England captain Alastair Cook deserves all the accolades he is getting after once again leading by example in our victory over India in Kolkata.
It was an absolute pleasure to have a front row seat for his record-breaking innings and I'm sure that even though he doesn't show a lot of emotion, he will have gone to bed a very happy man to see all his hard work pay off.
His run-scoring exploits are there for all to see, but what a lot of people won't be aware of is the work he puts in off the field to ensure the group is close-knit and that everyone is in the right frame of mind to perform at their absolute best.
Right at the start of the tour, Alastair called a session in which people had a chance to get to know one another's personalities and discover what made each other tick.
With the likes of Jonny Bairstow, Joe Root and Nick Compton on their first Test tours, it was really important that they were made to feel part of the group and given a chance to bond with the most established players early on.
Alastair has been on the field for almost every minute of every Test match and has lots of other commitments, but his door will always be open.
I've had chats with him over a coffee about why I'm not being picked and what I need to do to get in the side, but on other occasions we've talked about things away from cricket, such as how much we're missing our wives back home.
In the warm-up games, he made a real point of finding out how I liked to be captained. I am somebody who prefers to be told what to do, whereas others might prefer to do it their own way. He recognises that each one of us is an individual and treats us differently both on and off the field.
Alastair is incredibly meticulous in the way he prepares for matches. When we heard that Zaheer Khan and Harbhajan had been replaced for the last Test, our analyst Gemma Broad put together some video and statistics on their new bowlers and Alastair was one of the first to go and take a look.
He wants to see whether the new seamer swings it away or gets it to reverse, whether the spinner can bowl googlies and so on. He always wants to be a step ahead.
He also treats every practise session as if he were out in the middle facing the first ball of a Test match. It's easy for a batsman to go into the nets, play a few shots and nick a couple, but when I bowled to him today he was leaving well, defending well and only attacking when the ball was there to be hit. I think he thrives on that competitiveness in practice as well as in matches.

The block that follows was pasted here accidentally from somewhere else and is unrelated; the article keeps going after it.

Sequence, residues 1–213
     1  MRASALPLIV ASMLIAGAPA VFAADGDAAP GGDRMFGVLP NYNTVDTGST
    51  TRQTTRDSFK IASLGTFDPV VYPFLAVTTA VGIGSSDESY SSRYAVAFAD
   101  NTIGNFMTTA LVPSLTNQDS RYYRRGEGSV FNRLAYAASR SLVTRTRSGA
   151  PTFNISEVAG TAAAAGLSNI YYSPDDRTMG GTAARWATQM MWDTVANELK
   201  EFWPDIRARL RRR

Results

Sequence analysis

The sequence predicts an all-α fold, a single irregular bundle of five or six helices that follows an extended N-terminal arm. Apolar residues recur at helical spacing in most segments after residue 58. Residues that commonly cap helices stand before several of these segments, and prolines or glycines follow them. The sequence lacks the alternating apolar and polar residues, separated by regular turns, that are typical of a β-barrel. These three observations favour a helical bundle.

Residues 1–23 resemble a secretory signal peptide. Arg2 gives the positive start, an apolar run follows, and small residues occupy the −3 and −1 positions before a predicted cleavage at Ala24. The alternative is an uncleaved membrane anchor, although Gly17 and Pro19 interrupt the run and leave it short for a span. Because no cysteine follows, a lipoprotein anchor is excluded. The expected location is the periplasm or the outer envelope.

When it comes to the dressing-room, I think Alastair would be the first to admit that he's not a big one for Churchillian speeches.
Whereas Andrew Strauss would stand up and rally the troops and really fire you up for putting your cap on and going out to represent England, Alastair does things in a slightly different way.
It's not easy to stand in front of 14 men and tell them what to do, so Alastair gives people an opportunity to say what they think and takes things on board before deciding on tactics.
Above all, it is the way he conducts himself on and off the field that makes people want to give their all for him and that is a fantastic attribute to have.
There is no doubt in my mind that Alastair will go down as one of the great England captains. There will inevitably be tough times down the line, but he's got a very old head on young shoulders and I'm sure he will rise to any challenge.
Showdown in Nagpur
We've had a few meetings since the win in Kolkata and the message has been clear - our work is not yet done.
After the way we performed in the last two Tests, people back home will probably be expecting us to win and sometimes that kind of pressure is a good thing in sport.
To be regarded as a great side, you need to come to the subcontinent and win, so we will be doing everything in our power to ensure we get onto that plane home with the series victory in the bag.
Life on tour
After missing out on the celebrations in Mumbai because I was playing in a warm-up match, it was really nice to be part of the post-match party in Kolkata.
Quite a few of the lads stayed in the changing-room and had a few drinks before heading back to the team hotel where ECB chairman Giles Clarke had hired a room.
Test match victories, especially ones of this magnitude against a good side in unfamiliar conditions, don't come along very often so it is important to celebrate and celebrate well.
A few members of the Barmy Army joined us and started singing their new song about Nick Compton to the tune of 'Downtown' by Petula Clark.
For Nick to be on his first tour and the fans to be singing his name is an amazing feeling. And for young players like Joe Root, being part of these amazing celebrations gives them a massive motivation to make sure they are involved in Test tours in the future.
We massively appreciate all the support we've had from all the England fans who have made the journey out here - they have been our extra man on the field.